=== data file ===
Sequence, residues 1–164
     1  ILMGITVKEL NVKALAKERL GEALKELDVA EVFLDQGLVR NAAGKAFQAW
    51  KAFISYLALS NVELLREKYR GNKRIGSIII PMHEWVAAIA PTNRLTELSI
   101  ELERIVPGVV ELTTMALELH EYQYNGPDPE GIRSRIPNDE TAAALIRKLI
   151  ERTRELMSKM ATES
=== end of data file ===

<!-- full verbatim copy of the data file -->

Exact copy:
Sequence, residues 1–164
     1  ILMGITVKEL NVKALAKERL GEALKELDVA EVFLDQGLVR NAAGKAFQAW
    51  KAFISYLALS NVELLREKYR GNKRIGSIII PMHEWVAAIA PTNRLTELSI
   101  ELERIVPGVV ELTTMALELH EYQYNGPDPE GIRSRIPNDE TAAALIRKLI
   151  ERTRELMSKM ATES